"I don’t care how hard Donald Trump tries. There’s nothing – let me say that again – there’s nothing that he can do to stop the people of this nation from voting in overwhelming numbers and taking back this democracy,” Biden said.

In his closing arguments, Biden has accused Trump of being a bully, criticised his lack of a strategy to control the pandemic, which has killed nearly 229,000 Americans; his efforts to repeal the Obamacare healthcare law; and his disregard for science on climate change.

He has offered his own made-in-America economic platform, a contrast with Trump's "America First" approach, saying he will get the wealthy to pay their fair share and make sure earnings are distributed more equitably.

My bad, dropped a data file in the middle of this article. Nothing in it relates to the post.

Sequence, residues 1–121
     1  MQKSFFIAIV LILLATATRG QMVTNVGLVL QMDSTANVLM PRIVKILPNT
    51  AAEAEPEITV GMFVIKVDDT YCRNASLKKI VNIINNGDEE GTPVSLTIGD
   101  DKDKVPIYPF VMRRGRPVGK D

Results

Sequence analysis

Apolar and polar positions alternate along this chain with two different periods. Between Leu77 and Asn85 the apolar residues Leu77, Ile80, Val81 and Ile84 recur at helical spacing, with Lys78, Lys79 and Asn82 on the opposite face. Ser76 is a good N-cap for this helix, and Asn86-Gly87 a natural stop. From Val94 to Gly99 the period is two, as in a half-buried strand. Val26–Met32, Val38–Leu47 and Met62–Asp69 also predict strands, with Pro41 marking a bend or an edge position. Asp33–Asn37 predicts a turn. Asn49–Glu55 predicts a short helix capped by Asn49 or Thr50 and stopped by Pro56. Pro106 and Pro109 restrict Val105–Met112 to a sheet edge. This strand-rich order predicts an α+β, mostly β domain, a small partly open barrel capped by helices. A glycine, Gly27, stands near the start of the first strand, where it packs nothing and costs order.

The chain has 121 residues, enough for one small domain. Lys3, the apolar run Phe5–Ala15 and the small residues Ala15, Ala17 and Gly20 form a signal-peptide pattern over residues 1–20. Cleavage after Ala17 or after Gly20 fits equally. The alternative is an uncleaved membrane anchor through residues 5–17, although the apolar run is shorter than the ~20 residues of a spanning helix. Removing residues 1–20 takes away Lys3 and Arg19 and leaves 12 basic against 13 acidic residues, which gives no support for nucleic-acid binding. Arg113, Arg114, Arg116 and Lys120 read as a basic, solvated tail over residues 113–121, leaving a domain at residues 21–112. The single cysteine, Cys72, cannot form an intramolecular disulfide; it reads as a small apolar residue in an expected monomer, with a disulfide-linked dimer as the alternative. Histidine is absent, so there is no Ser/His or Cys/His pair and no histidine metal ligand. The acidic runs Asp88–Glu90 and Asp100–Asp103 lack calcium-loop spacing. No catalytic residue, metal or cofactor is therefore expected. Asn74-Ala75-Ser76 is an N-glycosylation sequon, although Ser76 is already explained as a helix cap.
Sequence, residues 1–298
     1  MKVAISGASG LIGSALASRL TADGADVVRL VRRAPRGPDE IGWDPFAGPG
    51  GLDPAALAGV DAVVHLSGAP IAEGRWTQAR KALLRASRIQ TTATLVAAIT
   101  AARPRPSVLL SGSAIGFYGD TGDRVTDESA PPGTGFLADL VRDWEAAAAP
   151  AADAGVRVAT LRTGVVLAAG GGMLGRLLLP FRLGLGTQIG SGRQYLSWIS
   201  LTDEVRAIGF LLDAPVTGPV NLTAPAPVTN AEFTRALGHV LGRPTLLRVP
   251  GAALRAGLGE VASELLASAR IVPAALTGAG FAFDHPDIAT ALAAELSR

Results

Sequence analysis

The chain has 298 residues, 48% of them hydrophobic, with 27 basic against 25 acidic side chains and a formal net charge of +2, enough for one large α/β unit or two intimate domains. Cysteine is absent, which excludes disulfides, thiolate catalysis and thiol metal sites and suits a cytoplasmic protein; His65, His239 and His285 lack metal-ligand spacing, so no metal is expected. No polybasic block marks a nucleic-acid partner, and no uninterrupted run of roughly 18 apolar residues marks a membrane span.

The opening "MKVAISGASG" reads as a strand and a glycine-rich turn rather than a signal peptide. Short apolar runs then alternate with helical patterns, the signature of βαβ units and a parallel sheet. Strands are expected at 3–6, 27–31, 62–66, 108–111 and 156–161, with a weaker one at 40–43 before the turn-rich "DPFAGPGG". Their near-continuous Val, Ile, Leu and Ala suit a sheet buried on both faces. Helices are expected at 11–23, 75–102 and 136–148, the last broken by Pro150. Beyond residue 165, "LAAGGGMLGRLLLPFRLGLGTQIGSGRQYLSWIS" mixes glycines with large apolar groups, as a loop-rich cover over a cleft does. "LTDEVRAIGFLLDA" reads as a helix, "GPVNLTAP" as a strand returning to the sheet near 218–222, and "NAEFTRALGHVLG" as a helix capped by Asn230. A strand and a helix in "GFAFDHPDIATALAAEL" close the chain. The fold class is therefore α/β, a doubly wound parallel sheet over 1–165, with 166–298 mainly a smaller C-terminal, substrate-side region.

Opinion polls show Trump trailing former Vice President Biden nationally, but with a closer contest in the most competitive states that will decide the election. Voters say the coronavirus is their top concern.


Meanwhile, Stanford University economists on Saturday released an estimate that Trump rallies held from June to September led to more than 30,000 additional COVID-19 infections and possibly as many as 700 deaths. The study was based on a statistical model and not actual investigations of coronavirus cases. The paper, which did not cite disease experts among its authors, has not been peer-reviewed.

Public health officials have repeatedly warned that Trump campaign events could hasten the spread of the virus, particularly those held in places where infection rates were already on the rise. Determining the actual impact of those rallies on infection rates has been difficult due to the lack of robust contact tracing in many US states.

(with inputs from agencies)